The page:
Habakkuk 1:1-4, 2:1-4
1The oracle that the prophet Habakkuk saw.
2 O Lord, how long shall I cry for help,
and you will not listen?
Or cry to you ‘Violence!’
and you will not save?
3 Why do you make me see wrongdoing
and look at trouble?
Destruction and violence are before me;
strife and contention arise.
4 So the law becomes slack
and justice never prevails.
The wicked surround the righteous—
therefore judgment comes forth perverted.
2 I will stand at my watch-post,
and station myself on the rampart;
I will keep watch to see what he will say to me,
and what he* will answer concerning my complaint.
2 Then the Lord answered me and said:
Write the vision;
make it plain on tablets,
so that a runner may read it.
3 For there is still a vision for the appointed time;
it speaks of the end, and does not lie.
If it seems to tarry, wait for it;
it will surely come, it will not delay.
4 Look at the proud!
Their spirit is not right in them,
but the righteous live by their faith.*
In 1942, on BBC radio, a voice came on and began a series of talks. These talks, occurring during the greatest and most destructive war in human history, had a singular purpose, and a fairly difficult one that—to defend belief in God. These talks had a tremendous following in years since, so much so that they were collected in three books: The Case for Christianity, Christian Behavior, and Beyond Personality. These three books eventually were bound together under a common title—Mere Christianity. With that, C. S. Lewis cemented himself as an essential and popular voice in the Christian community.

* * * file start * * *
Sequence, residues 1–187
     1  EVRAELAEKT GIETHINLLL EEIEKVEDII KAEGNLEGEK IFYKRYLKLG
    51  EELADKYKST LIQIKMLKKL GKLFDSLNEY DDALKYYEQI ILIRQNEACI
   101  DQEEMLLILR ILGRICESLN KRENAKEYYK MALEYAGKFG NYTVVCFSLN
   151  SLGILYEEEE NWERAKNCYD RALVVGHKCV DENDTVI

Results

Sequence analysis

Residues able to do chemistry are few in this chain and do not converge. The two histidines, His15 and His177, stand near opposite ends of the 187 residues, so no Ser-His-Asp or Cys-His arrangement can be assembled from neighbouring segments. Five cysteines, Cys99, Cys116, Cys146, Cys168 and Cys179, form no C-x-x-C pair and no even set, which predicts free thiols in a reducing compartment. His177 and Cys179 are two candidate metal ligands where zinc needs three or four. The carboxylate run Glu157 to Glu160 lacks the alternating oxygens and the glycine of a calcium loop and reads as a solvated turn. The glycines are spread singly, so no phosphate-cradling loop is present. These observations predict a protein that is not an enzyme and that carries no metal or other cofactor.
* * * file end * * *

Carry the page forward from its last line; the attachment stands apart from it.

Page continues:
He began his talks with a basic premise, one used for countless ages but he seems to make it relevant to us. That premise is the idea that everyone, everywhere, seemingly has an innate sense of right and wrong, fair and unfair. Everyone from the grumpiest of geriatrics to the most rambunctious of toddlers can be heard to say from time to time, “That’s not fair,” or “would you like him to do to you what you did to him?” or even “Leave her alone, she’s not doing any harm.” This innate sense of right or wrong, this built-in morality, is the jumping off point for Lewis. Because everyone seems to have a shared notion of justice and injustice, fair and unfair, he wonders how that could have been put in our heads. He calls this sensibility the Natural Law. Everyone knows what it is, and everyone breaks it from time to time.